Homilies

Pentecost Sunday
Acts 2:1-11; 1 Peter 12:3-7,12-13; Gospel of John 20:19-23
Our Fears?  God Will Free and Transform Us?

Today, as we celebrate the solemnity of Pentecost Sunday, we celebrate the beginning of our Church after the Resurrection of Jesus.  This first and original church is the Christian community of the apostles who were all totally transformed by the power of the Holy Spirit that Jesus breathed on them.  Up until then, since the death of Jesus, they were all huddled up and hiding behind locked doors; fearing that if they were to be discovered by the Jewish authorities, they would all be killed, like their Master, Jesus. 

The “fears” of the apostles were all very understandable as their lives were being threatened.  The “crime” that the apostles were considered to have committed is simply to have been the disciples of Jesus, who was crucified for proclaiming the Truth that that He is the Son of God.

My brothers and sisters in Christ, do we believe in miracles?  Have we experienced miracles in our lives?  If some of us are tempted to say, “no” or “not sure”, then such a response would likely indicate that we have not been conscious enough to notice them.  The truth of our faith is that as Christians, we should be experiencing “miracles” daily in our lives.  Are you surprised by this statement?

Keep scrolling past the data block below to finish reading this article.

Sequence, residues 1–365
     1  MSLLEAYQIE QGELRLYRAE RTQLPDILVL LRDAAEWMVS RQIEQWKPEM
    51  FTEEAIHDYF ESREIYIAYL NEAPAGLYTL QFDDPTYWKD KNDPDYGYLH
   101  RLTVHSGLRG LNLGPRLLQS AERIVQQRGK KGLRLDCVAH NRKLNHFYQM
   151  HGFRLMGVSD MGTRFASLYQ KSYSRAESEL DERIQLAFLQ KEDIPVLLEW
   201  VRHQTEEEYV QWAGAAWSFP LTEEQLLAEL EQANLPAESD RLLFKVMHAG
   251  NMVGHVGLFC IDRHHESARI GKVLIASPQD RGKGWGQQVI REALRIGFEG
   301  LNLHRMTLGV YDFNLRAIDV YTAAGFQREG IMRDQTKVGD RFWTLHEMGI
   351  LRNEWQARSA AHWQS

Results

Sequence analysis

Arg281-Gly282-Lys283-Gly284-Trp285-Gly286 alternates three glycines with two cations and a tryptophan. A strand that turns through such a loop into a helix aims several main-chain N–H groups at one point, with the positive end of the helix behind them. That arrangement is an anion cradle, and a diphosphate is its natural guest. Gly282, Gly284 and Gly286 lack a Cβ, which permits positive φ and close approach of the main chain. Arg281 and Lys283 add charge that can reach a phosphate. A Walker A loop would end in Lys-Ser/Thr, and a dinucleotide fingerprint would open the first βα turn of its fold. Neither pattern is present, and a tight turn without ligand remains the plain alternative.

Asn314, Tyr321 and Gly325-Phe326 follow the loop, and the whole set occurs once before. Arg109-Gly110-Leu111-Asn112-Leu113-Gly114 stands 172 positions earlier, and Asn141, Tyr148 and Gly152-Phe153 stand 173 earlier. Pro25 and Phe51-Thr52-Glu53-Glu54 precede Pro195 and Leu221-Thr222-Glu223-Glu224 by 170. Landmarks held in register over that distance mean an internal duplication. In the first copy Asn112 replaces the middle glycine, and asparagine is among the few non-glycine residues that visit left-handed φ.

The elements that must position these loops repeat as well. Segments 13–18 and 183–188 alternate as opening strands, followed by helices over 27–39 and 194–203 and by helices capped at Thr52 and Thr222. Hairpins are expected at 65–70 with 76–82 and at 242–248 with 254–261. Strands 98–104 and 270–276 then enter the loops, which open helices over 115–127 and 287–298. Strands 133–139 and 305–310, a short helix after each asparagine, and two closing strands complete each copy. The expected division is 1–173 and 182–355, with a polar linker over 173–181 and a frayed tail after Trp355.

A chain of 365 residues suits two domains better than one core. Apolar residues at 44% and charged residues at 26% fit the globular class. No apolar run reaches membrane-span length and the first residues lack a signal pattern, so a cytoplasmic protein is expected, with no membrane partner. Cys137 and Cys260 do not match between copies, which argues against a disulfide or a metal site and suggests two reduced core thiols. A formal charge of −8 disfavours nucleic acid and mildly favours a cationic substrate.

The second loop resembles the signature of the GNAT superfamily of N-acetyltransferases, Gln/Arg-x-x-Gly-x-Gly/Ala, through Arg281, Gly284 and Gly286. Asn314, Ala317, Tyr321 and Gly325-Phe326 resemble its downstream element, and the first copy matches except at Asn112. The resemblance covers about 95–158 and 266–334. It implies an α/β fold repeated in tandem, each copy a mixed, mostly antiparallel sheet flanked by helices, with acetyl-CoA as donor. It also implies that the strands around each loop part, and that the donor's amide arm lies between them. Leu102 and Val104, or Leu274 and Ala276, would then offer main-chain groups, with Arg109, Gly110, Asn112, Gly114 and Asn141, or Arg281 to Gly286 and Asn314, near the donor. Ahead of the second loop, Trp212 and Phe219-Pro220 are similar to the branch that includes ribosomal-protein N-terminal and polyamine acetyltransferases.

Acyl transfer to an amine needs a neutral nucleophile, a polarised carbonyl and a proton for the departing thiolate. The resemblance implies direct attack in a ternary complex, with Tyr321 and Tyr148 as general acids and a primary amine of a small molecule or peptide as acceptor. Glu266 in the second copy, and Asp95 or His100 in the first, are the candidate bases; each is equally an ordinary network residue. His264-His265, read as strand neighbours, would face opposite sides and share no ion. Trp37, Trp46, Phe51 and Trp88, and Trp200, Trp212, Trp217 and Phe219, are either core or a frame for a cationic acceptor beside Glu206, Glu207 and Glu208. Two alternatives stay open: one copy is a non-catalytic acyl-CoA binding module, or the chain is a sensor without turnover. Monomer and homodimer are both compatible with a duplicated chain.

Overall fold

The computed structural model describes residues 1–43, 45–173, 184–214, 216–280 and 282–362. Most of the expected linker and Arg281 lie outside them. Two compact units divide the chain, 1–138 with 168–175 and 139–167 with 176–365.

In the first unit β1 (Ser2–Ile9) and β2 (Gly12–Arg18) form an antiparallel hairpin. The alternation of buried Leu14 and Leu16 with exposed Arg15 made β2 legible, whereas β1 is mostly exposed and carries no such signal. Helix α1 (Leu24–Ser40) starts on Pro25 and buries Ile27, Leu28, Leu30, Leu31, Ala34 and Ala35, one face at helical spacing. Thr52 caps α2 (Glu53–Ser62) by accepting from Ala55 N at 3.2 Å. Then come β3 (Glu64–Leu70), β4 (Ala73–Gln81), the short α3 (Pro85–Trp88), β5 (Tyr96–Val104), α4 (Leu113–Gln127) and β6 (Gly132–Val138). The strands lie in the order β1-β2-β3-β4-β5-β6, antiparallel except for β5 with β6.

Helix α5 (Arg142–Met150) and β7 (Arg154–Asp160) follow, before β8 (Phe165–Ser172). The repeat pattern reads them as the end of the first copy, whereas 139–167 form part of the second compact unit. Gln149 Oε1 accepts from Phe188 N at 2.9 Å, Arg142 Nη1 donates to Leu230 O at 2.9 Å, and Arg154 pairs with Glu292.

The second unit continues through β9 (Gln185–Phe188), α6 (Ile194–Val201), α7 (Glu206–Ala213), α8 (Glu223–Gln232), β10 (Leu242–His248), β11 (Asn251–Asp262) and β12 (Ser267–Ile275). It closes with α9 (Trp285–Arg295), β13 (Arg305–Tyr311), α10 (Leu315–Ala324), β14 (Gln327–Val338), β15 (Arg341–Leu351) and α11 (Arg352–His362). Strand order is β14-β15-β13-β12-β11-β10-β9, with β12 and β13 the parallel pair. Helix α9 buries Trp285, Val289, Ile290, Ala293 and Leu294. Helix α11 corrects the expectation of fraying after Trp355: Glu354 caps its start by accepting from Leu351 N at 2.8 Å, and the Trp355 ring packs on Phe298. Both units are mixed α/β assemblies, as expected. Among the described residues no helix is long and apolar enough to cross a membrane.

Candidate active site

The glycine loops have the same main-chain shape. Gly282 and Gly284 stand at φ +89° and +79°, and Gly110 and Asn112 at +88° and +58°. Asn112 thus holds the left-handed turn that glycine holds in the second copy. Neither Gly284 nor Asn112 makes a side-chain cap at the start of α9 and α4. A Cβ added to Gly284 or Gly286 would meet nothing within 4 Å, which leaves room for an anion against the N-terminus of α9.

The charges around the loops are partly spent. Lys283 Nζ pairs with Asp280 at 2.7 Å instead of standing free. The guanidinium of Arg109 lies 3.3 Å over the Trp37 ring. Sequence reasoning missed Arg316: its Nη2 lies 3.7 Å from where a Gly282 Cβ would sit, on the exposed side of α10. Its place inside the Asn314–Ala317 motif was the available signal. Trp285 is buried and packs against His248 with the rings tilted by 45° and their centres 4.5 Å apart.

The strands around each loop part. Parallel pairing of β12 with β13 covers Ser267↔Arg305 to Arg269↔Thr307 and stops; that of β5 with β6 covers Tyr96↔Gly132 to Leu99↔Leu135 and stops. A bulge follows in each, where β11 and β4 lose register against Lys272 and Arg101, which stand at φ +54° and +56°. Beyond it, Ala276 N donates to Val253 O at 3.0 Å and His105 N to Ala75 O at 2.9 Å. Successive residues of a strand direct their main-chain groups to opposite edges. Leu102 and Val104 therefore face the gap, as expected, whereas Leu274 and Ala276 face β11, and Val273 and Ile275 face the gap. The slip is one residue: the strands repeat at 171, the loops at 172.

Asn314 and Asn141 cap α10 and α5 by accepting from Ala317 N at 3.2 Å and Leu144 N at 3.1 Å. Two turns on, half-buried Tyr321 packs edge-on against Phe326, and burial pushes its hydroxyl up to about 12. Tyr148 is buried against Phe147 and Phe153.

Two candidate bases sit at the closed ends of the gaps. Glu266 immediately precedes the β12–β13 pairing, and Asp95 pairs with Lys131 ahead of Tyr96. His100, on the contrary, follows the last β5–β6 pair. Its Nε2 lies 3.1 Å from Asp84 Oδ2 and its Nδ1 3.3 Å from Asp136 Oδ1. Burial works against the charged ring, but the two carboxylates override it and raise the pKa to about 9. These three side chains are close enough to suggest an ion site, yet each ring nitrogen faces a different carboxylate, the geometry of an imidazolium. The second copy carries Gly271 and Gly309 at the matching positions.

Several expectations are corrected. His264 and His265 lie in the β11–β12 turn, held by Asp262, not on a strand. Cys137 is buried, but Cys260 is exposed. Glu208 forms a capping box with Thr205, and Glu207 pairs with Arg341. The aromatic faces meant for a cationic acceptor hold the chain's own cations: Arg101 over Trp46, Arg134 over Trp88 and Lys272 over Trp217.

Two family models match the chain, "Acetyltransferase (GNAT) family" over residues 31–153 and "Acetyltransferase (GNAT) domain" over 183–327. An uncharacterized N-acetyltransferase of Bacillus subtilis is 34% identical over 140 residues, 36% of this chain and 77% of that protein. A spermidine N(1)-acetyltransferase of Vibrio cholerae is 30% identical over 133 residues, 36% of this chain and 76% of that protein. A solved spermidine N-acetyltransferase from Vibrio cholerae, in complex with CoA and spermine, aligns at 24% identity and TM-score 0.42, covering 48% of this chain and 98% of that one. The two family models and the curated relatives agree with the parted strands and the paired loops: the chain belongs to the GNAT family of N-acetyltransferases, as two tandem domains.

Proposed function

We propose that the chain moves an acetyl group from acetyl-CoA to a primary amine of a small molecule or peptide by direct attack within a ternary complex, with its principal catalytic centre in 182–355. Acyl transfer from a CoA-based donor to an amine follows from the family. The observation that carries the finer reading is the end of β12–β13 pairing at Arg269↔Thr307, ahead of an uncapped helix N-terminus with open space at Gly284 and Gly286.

When we speak about a “miracle” we understand it as God’s intervention in our lives like: God healing us of our serious illness like 4th stage cancer, or suddenly God converting the heart of someone from being a great sinner to a saint, or from being an atheist to a fervent believer; or still perhaps God protecting me from serious injuries in an accident, or God giving me the job that I do not deserve so that I am able to provide for my family and the like.

My sisters and brothers in Christ, if we reflect on our lives more attentively and deeply, I believe all of us here too would be able to come up with many examples of miracles that we have experienced.  These miracles that are happening daily in our lives, are God’s ways of daily intervening and caring for us at all times and He never fails to provide and love us.  This indeed is how God Loves us: unconditional and infinitely compassionate, regardless of whether we are grateful to Him or not.   If a child is not conscious of the deep love that his mother has for him, and takes for granted that everything that he receives whether food, clothing, education or affection, we know that the reality of the mother’s deep and sacrificial love for her child remains and is not diminished.
However, like the apostles, if our minds and hearts are open and receptive to the Spirit in the daily living of our lives, then the power of the Holy Spirit will be able to transform the “fears” of our lives into a fearlessness, courage and commitment that the world cannot give or take away.